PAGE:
In an internal combustion piston engine, you mash the loud pedal, the throttle plates open up, more air gets sucked in, more fuel added -- presto, several combustion events later you are off and running. With a turboshaft, you mash on the pedal and a little more fuel gets added to the combustion chamber (you can't just dump lots of fuel due to limits of flammability and stoichiometry), and the compressor turbine starts to spin faster which puts more air into the combustion chamber so you can add more fuel -- this is called the bootstrap process...however, this only helps you go faster when the free power turbine is able to harness this excess energy (technically temperature or enthalpy) and put power out the power shaft into the gear reduction box.  By the time all of that stuff happens, you might have had a close encounter with a city bus -- so any acceleration maneuvers in a turbine powered car must be planned well in advance.  Also, forget about any engine braking, power goes only one way in a turboshaft.  However, if you just want to drive around in a car that sounds like a jet at takeoff...I can't imagine a better way to do it -- because this would cost you easily $50k to build your own if you had the right connections.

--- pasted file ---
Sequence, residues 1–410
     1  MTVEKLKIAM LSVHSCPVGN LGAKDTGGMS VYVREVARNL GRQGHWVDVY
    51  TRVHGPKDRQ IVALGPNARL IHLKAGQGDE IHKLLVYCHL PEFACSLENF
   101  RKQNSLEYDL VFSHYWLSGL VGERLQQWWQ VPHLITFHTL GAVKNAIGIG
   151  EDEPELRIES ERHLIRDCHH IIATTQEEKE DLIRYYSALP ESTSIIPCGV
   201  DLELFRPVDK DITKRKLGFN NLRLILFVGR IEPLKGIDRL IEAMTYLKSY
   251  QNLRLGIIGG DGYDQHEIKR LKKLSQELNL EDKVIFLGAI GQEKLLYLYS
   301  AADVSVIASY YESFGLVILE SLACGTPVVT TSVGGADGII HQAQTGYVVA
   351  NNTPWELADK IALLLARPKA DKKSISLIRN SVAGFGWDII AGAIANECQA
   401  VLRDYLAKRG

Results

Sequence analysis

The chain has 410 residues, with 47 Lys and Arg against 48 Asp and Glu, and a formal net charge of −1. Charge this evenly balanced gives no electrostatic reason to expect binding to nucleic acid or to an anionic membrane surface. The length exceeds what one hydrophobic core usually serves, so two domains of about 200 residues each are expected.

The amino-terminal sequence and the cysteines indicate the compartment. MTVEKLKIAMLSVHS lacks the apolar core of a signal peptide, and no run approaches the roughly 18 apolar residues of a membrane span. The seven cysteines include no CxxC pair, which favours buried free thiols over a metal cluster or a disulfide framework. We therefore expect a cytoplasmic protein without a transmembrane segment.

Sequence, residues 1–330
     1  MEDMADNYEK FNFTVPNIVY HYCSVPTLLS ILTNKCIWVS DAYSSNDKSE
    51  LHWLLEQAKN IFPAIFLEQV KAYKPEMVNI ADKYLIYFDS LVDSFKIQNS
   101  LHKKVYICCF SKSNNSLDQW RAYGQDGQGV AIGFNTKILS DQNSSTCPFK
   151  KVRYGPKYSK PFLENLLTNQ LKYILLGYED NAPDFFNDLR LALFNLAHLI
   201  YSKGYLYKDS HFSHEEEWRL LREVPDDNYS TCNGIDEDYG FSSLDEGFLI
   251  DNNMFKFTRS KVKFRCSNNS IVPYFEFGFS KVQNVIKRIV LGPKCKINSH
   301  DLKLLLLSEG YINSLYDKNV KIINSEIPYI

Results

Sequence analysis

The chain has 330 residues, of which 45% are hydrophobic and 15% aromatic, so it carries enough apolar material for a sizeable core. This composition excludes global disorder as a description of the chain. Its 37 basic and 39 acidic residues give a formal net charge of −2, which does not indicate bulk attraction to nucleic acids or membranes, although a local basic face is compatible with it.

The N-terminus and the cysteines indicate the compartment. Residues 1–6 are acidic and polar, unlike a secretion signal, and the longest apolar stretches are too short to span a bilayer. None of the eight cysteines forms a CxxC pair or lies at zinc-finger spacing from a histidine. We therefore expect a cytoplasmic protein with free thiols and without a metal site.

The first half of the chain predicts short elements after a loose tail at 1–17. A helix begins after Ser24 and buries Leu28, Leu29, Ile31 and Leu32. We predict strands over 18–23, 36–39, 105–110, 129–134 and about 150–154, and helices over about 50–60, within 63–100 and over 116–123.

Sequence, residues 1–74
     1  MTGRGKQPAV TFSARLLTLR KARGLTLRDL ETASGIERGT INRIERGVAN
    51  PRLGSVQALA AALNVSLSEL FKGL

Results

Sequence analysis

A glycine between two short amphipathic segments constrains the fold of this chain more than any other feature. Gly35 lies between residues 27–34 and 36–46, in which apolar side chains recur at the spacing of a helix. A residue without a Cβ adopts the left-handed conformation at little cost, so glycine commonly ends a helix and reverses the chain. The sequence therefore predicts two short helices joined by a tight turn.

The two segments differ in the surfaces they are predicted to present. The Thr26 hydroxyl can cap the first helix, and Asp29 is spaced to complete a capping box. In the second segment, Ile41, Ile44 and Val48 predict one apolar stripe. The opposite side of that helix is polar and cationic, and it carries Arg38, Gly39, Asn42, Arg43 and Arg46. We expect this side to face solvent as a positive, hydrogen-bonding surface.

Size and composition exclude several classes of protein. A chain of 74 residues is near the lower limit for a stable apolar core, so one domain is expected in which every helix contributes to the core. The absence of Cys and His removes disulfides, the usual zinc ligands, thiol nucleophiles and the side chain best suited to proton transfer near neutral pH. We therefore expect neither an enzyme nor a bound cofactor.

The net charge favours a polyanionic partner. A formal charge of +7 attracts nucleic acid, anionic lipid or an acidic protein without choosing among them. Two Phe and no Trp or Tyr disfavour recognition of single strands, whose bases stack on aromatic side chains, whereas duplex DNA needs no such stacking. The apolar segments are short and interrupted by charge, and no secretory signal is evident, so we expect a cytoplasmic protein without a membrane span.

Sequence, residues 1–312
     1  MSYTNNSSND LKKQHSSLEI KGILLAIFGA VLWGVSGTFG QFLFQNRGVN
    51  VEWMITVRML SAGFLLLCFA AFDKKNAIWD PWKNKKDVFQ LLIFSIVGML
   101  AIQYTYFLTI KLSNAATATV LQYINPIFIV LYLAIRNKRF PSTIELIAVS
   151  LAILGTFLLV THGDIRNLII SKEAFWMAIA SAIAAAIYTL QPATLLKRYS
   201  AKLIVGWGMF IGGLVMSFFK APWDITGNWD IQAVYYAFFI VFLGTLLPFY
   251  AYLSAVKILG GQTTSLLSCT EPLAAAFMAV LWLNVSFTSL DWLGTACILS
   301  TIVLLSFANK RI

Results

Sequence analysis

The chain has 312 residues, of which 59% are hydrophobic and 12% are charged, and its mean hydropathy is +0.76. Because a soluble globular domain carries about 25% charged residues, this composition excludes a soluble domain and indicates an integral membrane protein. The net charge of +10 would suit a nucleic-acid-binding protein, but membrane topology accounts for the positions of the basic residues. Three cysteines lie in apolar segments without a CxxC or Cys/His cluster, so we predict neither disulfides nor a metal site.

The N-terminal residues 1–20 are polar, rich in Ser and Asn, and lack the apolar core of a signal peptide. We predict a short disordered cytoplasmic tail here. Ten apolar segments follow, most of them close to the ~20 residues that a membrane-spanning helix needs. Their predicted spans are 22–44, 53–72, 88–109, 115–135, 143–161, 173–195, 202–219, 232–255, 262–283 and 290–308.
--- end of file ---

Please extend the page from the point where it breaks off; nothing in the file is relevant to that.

Another thing that might surprise you about turbine engines is the parts cost.  You don't simply head down to your local Pep boys to pickup a spark plug for $1.99 -- the basic rule of thumb when it comes to aerospace parts is to add 10x-20x the cost when compared to a consumer good...and forget about something like a full engine teardown without the proper tools and know-how -- do you know how to properly pre-load new foils on an air bearing...cause the guy at the independent Porsche shop won't.  However, if you live near a small airport, you might be able to find a small time aircraft mechanic who is willing to help with something that doesn't require FAA certifications.


See another....i dunno...thing? tips@dailyturismo.com

12 comments:

  1. Sounds pretty damn cool, but geez, talk about a niche vehicle. I have zero clue about these kinds of builds, but what about power options (ie, steering?) that run off traditional engine power. How does that work?